In this course students will learn to observe and record what they see when they travel. They will explore a popular form of writing and practice it in their own daily activities. The familiar will become strange and new as they return home, walk through the campus, visit Center City or explore an ethnic community in order to write accounts of what they see. They will, in the process, learn about themselves but without that preoccupation with the self alone that marks much student writing. They will see themselves in the mirror of "the other". The course will explore famous works by travelers who visited the USA as a means to see the familiar through foreign eyes, such works as Alexis de Tocqueville's "Democracy in America" (1835), Charles Dickens' "On America and the Americans" (ed. Michael Slater), G.K. Chesterton's "What I Saw in America" (1922). Jonathan Raban's "Old Glory: An American Voyage" (1981) and the expatriate who returns like Bill Bryson's "I am a Stranger here myself: Notes on returning to America after twenty years" (1999).


English 135.401
Peer Tutoring
TR 10:30-12:00

This course is intended for capable writers who possess the maturity and temperament to work successfully as peer tutors at Penn. The course emphasizes the development of tutors' own writing through the process of collaborative peer-criticism, individual conferences, and intensive sessions on writing, from mechanics to style. The class meets twice weekly; tutors also work two hours weekly in the Writing Center or elsewhere, and confer regularly in small groups or one-on-one meetings with the instructor. Tutors are required to write five short papers, eight one-page peer reviews, and two responses to readings. Additionally, students keep a journal and give two class presentations. CWIC-affiliated course.


English 135.402
Essay, Blog, Tweet, Nonfiction now!
W 2:00-5:00

This class is designed to advance students’ writing practice, discipline, and workshop and critiquing skills. Student writers will create nonfiction narrative in several forms: blogs, memoir, interviews, Q&As, essays. We will play with promotion, video, and social marketing, even grant proposals, advertisements, public service announcements, queries, and photo captions—all the forms that writers actually use throughout careers of deep reflection followed by hustle-and-pitch.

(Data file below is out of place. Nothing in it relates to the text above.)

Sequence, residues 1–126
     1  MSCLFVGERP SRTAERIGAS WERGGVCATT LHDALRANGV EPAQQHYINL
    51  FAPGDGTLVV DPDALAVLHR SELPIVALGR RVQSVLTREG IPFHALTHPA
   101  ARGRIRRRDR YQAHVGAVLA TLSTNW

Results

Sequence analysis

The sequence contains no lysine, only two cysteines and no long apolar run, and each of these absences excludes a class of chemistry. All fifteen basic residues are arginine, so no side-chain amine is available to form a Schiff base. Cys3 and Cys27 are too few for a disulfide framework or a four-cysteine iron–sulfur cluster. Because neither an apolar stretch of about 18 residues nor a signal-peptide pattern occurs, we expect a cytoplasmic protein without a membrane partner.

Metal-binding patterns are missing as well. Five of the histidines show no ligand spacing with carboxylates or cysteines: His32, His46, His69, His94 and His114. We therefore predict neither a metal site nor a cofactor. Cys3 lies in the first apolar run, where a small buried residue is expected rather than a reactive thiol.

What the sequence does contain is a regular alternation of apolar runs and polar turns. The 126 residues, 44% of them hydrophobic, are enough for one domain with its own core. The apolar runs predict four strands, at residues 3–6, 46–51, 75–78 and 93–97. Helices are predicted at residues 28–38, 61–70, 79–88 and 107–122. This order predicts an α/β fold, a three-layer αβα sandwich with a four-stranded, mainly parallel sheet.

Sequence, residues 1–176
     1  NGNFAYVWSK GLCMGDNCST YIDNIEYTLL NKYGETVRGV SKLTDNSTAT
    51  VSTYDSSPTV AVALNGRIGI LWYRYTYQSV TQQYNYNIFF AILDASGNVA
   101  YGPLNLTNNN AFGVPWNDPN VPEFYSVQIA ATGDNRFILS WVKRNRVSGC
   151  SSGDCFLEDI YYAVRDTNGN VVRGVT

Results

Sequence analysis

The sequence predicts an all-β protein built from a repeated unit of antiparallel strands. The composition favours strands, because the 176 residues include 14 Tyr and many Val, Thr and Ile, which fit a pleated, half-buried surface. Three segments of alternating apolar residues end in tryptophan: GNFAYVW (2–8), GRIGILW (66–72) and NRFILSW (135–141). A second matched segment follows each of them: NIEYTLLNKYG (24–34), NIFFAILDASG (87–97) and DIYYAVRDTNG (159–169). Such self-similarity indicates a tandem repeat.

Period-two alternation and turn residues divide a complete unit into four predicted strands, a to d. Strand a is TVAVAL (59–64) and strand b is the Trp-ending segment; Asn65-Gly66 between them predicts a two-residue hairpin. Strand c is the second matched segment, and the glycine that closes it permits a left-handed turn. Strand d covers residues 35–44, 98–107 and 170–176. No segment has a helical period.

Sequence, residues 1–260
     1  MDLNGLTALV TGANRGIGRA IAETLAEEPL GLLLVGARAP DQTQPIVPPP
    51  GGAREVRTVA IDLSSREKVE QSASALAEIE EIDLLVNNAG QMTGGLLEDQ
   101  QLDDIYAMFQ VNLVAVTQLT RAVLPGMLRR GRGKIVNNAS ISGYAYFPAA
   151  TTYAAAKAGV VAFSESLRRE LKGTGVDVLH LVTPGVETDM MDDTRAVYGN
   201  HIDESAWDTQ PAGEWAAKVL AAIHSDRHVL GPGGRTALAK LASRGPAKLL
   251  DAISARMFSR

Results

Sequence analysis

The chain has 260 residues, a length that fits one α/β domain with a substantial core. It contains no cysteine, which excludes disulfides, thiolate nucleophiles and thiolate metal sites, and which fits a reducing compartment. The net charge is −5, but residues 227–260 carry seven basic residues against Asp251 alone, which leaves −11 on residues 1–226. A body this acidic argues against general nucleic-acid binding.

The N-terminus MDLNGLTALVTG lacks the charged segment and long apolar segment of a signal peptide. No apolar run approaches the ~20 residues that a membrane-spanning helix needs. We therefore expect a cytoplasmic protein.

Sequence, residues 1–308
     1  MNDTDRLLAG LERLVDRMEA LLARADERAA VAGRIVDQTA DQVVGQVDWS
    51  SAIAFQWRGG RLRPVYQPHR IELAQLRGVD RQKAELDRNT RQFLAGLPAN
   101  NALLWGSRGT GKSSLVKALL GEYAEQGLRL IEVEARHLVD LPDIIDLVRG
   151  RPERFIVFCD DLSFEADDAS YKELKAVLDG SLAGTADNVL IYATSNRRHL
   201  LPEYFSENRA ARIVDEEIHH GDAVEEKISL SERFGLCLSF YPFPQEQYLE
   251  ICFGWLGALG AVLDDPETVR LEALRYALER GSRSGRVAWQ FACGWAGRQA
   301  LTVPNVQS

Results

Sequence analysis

The class will act as an editorial group for, which launched in the fall of 2015. The idea is to depict safety with the specificity and drama that we usually reserve for conflict. Your writing will explore Big Questions about the social, emotional, relational and physical structures that affect our children and youth; your research, interviews, reporting, and experience will discover and share solutions.

If we do the job right, we will shine a light on people in our midst creating structures of safety for kids in an era of fear. If we make it fun to read, look at, and listen to, too, then, like a few historic college courses that participate substantively in their communities, we’ll be on our way to stealth culture change. This class is cross-listed with Africana Studies.


English 145.301
Advanced Nonfiction Writing
F 2:00-5:00

Great nonfiction writing is about passion. Passion for an idea both wonderful and practical. Passion for reportage. Passion for storytelling through plot and rhythm and pace. Passion for writing without compromise of the facts. All easy to say but elusive to execute. In examining the craft of nonfiction and its essential components, there will be concentration on writing assignments and workshopping. We will examine the work of authors such as Truman Capote, Michael Lewis, Katharine Boo, John McPhee and JR Moehringer. We will also examine some of my own books, such as Friday Night Lights, A Prayer for the City, and Father’s Day, as well as magazine pieces from Vanity Fair, for candid discussions on what the author was precisely trying to do and whether it was achieved. Each writing assignment will be roughly a thousand words. A more comprehensive piece will be required at the end of the semester (the length is up to students since if you learn anything, it is that long is not necessarily better). The workload is reasonable, but keep in mind that quality is far more important than quantity. One great piece is worth five mediocre and rushed ones.

This is a course for students who love the written word and may be considering a career in nonfiction writing. The course will meet Thursdays 4:30-7:30p and Fridays 2-5pm on the following days: September 1 and 2, September 15 and 16, September 29 and 30, October 13 and 14, October 27 and 28, November 10 and 11, and December 1 and 2. For periods of three hours each during the semester, I will be available for one-on-one discussions: November 17 and 18, and December 8 and 9. I will also be available at any time by Skype and email. A nonfiction writing sample of any type (narrative, essay, personal) is required for acceptance into the class. Students must also be willing to do reportage. Please send your writing samples to Mingo Reynolds


English 145.601
The Art of the Personal Essay
T 5:30-8:30